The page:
By Glenn Selk, Oklahoma State University Cooperative Extension Cattle Specialist
The effects of heat stress on reproductive performance of beef cows has been discussed by many animal scientists in a variety of ways. After reviewing the scientific literature available up to 1979, one scientist wrote that the most serious seasonal variation in reproductive performance was associated with high ambient temperatures and humidity. He further pointed out that pregnancy rates and subsequent calving rates were reduced from 10% to 25% in cows bred in July through September.
Typical Oklahoma summer weather can fit the description of potential heat stress, where many days in a row can exceed 95 degrees and night time lows are often close to 80 degrees. Many hours of the day can be quite hot and cause the slightest rise in body temperature of cattle. Research conducted several years ago at OSU illustrated the possible impact of heat stress of beef cows on their reproductive capability. These cows were exposed to bulls as one group (while in a thermoneutral environment) and one week later exposed to the environmental treatments listed below in Table 1.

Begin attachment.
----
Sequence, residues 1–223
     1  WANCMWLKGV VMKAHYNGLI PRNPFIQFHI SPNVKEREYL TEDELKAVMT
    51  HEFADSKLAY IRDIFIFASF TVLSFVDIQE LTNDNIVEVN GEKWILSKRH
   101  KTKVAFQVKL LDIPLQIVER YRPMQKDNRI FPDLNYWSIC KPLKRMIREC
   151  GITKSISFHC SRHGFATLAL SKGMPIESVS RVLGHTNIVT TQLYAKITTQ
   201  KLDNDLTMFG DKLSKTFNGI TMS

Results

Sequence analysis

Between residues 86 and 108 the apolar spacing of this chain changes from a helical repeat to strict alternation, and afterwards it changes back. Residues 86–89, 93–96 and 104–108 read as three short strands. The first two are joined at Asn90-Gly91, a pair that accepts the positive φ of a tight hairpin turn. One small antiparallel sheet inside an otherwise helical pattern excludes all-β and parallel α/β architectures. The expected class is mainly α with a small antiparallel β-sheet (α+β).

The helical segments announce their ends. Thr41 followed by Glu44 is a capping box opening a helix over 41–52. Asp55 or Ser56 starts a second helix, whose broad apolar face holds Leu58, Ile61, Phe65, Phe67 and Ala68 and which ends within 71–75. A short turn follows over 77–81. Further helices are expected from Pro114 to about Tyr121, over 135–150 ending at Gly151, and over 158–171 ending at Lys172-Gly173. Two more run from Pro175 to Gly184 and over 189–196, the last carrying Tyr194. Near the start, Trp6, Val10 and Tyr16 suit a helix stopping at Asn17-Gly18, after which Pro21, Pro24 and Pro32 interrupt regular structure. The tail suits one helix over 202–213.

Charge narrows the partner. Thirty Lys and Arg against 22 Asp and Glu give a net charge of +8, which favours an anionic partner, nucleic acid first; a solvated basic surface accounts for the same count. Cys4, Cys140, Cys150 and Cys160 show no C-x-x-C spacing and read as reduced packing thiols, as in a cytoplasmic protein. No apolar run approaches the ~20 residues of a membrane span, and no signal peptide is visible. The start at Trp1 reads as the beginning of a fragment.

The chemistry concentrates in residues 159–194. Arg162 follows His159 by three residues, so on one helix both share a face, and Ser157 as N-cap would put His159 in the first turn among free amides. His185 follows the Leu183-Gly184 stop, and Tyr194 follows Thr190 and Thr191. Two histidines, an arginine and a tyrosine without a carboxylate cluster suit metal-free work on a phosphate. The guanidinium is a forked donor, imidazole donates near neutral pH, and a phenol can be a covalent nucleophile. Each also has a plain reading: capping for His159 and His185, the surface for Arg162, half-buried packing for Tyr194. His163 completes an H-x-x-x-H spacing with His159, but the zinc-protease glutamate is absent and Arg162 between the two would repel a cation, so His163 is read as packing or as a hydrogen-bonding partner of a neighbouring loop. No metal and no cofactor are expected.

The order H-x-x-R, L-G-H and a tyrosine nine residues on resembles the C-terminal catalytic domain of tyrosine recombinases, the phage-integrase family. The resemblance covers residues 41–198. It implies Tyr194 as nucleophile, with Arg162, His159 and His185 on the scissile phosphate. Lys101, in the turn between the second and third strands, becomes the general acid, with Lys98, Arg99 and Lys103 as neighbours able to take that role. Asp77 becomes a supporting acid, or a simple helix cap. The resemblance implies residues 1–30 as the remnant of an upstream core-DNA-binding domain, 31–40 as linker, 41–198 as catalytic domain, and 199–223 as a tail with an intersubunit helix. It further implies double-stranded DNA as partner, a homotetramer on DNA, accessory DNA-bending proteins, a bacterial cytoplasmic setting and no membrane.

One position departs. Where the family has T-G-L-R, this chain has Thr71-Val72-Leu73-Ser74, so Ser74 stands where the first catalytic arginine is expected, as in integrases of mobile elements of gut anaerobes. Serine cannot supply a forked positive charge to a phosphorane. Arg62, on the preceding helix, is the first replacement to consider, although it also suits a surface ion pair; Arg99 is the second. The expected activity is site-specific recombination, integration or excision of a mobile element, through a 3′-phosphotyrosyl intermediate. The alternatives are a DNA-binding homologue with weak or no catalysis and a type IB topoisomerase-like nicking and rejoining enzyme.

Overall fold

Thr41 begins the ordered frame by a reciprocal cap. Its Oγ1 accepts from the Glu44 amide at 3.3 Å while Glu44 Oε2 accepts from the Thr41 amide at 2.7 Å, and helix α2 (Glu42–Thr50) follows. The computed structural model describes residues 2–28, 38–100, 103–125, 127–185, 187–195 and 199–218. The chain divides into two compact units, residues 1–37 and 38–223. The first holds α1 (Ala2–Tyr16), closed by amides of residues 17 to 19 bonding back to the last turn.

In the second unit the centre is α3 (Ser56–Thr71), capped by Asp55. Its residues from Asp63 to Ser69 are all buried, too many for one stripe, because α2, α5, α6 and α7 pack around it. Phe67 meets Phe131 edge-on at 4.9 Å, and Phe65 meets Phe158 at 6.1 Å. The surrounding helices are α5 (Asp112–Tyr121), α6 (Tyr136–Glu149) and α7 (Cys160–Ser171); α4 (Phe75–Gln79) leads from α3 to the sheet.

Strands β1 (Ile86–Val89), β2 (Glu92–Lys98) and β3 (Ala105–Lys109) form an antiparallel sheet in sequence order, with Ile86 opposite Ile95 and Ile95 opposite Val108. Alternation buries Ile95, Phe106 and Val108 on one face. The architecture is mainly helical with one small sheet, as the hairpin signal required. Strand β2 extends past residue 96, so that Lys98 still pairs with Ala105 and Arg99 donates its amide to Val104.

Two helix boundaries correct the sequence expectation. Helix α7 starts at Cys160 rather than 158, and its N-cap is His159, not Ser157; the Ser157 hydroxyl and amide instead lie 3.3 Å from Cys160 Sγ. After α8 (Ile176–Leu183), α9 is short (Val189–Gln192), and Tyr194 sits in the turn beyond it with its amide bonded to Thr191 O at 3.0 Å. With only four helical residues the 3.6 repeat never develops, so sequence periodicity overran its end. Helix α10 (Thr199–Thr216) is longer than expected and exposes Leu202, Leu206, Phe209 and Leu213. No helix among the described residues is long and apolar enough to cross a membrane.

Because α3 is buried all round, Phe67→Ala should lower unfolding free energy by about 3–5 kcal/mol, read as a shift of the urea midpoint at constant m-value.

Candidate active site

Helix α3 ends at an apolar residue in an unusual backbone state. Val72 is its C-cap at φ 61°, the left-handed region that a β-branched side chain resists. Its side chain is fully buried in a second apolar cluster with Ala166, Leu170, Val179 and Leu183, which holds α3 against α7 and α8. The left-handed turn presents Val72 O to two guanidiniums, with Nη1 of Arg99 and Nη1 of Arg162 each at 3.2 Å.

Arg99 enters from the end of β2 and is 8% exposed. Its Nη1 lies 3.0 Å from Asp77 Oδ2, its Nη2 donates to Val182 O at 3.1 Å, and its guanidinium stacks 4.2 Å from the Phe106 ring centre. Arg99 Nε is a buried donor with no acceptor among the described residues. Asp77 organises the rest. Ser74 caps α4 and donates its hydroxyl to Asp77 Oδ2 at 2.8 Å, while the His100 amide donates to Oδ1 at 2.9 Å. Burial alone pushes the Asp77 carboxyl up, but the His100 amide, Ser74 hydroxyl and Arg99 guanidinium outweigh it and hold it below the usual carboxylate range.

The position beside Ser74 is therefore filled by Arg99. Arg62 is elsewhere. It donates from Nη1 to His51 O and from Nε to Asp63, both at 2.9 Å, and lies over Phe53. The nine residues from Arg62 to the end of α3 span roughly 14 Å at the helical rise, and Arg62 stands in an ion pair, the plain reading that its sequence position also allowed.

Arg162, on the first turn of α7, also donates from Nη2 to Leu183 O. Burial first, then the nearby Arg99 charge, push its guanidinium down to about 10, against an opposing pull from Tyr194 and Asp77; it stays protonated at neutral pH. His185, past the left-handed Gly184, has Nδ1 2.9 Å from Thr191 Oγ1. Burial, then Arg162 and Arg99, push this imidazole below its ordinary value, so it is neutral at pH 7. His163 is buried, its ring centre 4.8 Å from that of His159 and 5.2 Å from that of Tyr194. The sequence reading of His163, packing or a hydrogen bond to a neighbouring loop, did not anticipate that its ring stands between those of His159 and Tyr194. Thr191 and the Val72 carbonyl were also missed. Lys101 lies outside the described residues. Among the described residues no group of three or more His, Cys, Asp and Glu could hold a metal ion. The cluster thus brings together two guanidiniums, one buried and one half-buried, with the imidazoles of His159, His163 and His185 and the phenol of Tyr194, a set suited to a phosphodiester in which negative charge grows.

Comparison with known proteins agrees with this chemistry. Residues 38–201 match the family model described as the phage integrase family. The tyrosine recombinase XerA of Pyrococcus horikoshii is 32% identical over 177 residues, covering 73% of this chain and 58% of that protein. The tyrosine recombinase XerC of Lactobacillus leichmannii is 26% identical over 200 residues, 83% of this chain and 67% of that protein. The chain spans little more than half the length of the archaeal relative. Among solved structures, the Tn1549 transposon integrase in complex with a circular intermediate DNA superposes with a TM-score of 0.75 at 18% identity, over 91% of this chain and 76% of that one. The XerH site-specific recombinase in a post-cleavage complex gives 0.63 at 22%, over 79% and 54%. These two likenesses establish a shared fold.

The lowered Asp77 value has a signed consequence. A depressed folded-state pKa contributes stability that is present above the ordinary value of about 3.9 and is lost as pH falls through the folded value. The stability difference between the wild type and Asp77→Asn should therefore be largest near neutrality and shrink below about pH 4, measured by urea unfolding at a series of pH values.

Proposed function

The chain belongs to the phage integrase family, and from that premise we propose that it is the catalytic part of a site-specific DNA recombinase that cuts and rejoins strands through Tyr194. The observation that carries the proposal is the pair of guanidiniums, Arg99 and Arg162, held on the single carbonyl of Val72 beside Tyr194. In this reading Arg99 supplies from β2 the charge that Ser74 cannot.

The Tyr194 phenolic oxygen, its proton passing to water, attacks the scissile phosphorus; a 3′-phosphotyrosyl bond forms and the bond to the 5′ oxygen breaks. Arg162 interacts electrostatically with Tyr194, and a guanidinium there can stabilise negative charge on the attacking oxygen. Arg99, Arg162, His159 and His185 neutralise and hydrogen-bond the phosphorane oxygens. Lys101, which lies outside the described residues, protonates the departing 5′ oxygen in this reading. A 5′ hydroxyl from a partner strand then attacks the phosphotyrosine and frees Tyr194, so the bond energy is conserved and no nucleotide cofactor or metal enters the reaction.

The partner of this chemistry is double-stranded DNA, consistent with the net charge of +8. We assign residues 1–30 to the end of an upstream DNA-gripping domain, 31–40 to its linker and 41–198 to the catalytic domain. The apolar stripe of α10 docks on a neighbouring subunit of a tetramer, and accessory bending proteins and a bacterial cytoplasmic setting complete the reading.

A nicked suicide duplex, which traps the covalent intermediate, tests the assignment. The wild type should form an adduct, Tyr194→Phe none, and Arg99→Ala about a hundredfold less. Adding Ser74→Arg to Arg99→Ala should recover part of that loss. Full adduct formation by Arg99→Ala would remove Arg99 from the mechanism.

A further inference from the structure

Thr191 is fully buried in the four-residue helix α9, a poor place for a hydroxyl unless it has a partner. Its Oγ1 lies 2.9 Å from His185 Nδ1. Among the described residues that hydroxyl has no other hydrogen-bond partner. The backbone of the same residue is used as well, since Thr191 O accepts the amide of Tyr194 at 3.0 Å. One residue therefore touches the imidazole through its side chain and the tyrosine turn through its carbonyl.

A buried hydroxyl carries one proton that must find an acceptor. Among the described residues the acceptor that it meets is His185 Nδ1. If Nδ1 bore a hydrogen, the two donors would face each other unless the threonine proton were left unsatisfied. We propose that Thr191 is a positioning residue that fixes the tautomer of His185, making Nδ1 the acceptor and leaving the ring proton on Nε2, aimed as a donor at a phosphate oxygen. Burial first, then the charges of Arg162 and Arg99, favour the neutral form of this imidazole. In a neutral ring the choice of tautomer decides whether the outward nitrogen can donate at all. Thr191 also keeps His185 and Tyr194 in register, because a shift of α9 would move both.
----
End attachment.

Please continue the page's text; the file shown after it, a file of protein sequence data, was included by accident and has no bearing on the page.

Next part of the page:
Table 1. Effects of Imposed Heat Stress on Reproduction in Beef Cows
|Daytime temp (F)
|Nighttime temp (F)
|Relative Humidity %
|Rectal temp (F)
|Conceptus Weight (g)
They found that heat stress of beef cows from day 8 through 16 affected the weights of the conceptus (embryo, fluids, and membranes) and the increased body temperature may have formed an unfavorable environment for embryo survival. As noted in table 1, the percentage of pregnancies maintained throughout the week of severe heat stress was considerably reduced.
Florida scientists studying dairy cows reported that for high conception rates the temperature at insemination and the day after insemination was critical to success. They stated that the optimal temperature range was between 50 degrees F. and 73 degrees F. Marked declines in conception occurred when temperatures did not fall in this range.
Beef producers conducting artificial insemination or embryo transfer may want to take heed of this information. Make certain that cows are allowed access to shade and adequate air movement, at breeding, and immediately following breeding. Of course, adequate cool water is important anytime during the summer months. Avoid forcing recently inseminated cows to stand in treeless, drylot situations where relief from the Oklahoma heat is impossible.
- Late Spring 2009